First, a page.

Responding to Disasters by James R. Coggins

Late last year, southern British Columbia (where I live) experienced a massive rainstorm. We get a lot of rain here on the west coast of North America. Our weather includes onslaughts by “atmospheric rivers,” which used to be called “pineapple expresses,” rainstorms which have traveled northeast across the Pacific Ocean from Hawaii or even the Philippines. They bring warm, wet weather. The one we received last year was record-shattering, dumping nine to twelve inches of rain on us in a couple of days, almost twice anything we have experienced before. Our geography could not handle it. A dike broke, flooding Sumas Prairie, the source of much of our local food production. Over 400 cows, 1200 sheep, 600,000 poultry, and dozens of beehives were drowned. Plants, some of which had taken years to grow, were destroyed. As well, the three highways and the two rail lines that connect southern British Columbia to the rest of Canada (as well as some secondary highways) were shut down due to washouts and landslides. These transportation routes have not yet been completely restored, nor have the devastated farms. In discussions with Christian friends, three prominent responses stood out.

1. Compassion. In addition to prayers, there was an outpouring of practical help to those directly affected by the disaster. Christians and non-Christians, churches and other organizations, as well as governments, provided food, shelter, and clean-up and rebuilding help to the victims.

2. Gratitude. The victims were grateful for the help they received. Those of us who were inconvenienced but not directly impacted were also reminded to be grateful. It was not so much that we were grateful that we had been spared from the disaster that had hurt so many others. It was more that we were reminded of the many blessings that we have enjoyed and that we have far too often taken for granted. We have food, clothing, shelter, health, medical care, government services, jobs, community, and very much more. Disasters remind us that we are not guaranteed any of these things. We should be grateful every day for the many blessings we experience and not take them for granted.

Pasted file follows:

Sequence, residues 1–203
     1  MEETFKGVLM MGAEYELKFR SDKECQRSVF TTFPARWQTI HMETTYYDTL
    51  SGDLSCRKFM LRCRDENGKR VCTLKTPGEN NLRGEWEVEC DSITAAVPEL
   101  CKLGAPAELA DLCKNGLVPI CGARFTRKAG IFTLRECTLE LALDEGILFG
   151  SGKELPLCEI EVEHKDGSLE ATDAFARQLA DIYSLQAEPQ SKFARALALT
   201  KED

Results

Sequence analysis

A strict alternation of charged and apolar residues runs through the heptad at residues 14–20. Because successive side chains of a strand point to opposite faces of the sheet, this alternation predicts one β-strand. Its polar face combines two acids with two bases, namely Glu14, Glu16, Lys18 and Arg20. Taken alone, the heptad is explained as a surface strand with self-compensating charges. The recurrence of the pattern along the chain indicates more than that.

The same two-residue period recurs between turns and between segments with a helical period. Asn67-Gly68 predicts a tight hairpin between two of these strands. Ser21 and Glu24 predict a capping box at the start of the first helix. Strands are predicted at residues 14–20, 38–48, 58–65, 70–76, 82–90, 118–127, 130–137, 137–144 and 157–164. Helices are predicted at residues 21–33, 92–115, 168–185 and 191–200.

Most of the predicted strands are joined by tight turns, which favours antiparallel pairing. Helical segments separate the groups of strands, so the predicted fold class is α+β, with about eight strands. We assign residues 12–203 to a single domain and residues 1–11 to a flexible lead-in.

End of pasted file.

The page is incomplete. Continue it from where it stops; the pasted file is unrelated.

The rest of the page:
3. Humility. When such disasters happen, we realize how helpless we are to prevent them. God is powerful enough to control the natural world. We are not. When environmentalists insist that we must act now to prevent global warming, I can almost hear God laugh (Psalm 2:4). I am not denying our God-given responsibility to care for His creation and to do what we can to reduce pollution. But any suggestion that human beings on their own can control climate change is sheer hubris. Human beings cannot even control themselves, let alone the forces of nature. The psalmist declares:

“He sends his command to the earth;

his word runs swiftly.

He spreads the snow like wool

and scatters the frost like ashes.

He hurls down his hail like pebbles.

Who can withstand his icy blast?

He sends his word and melts them;

he stirs up his breezes, and the waters flow.” (Psalm 147:15-18)

About jrcoggins

James R. Coggins is a professional writer and editor based in British Columbia, Canada. He wrote his first novel in high school, but, fortunately for his later reputation as a writer, it was never published. He briefly served as a Christian magazine editor (for just over 20 years). He has written everything from scholarly and encyclopedia articles to jokes in Reader’s Digest (the jokes paid better). His six and a half published books include four John Smyth murder mysteries and one other, stand-alone novel. In his spare time, he operates Mill Lake Books, a small publishing imprint. His website is www.coggins.ca
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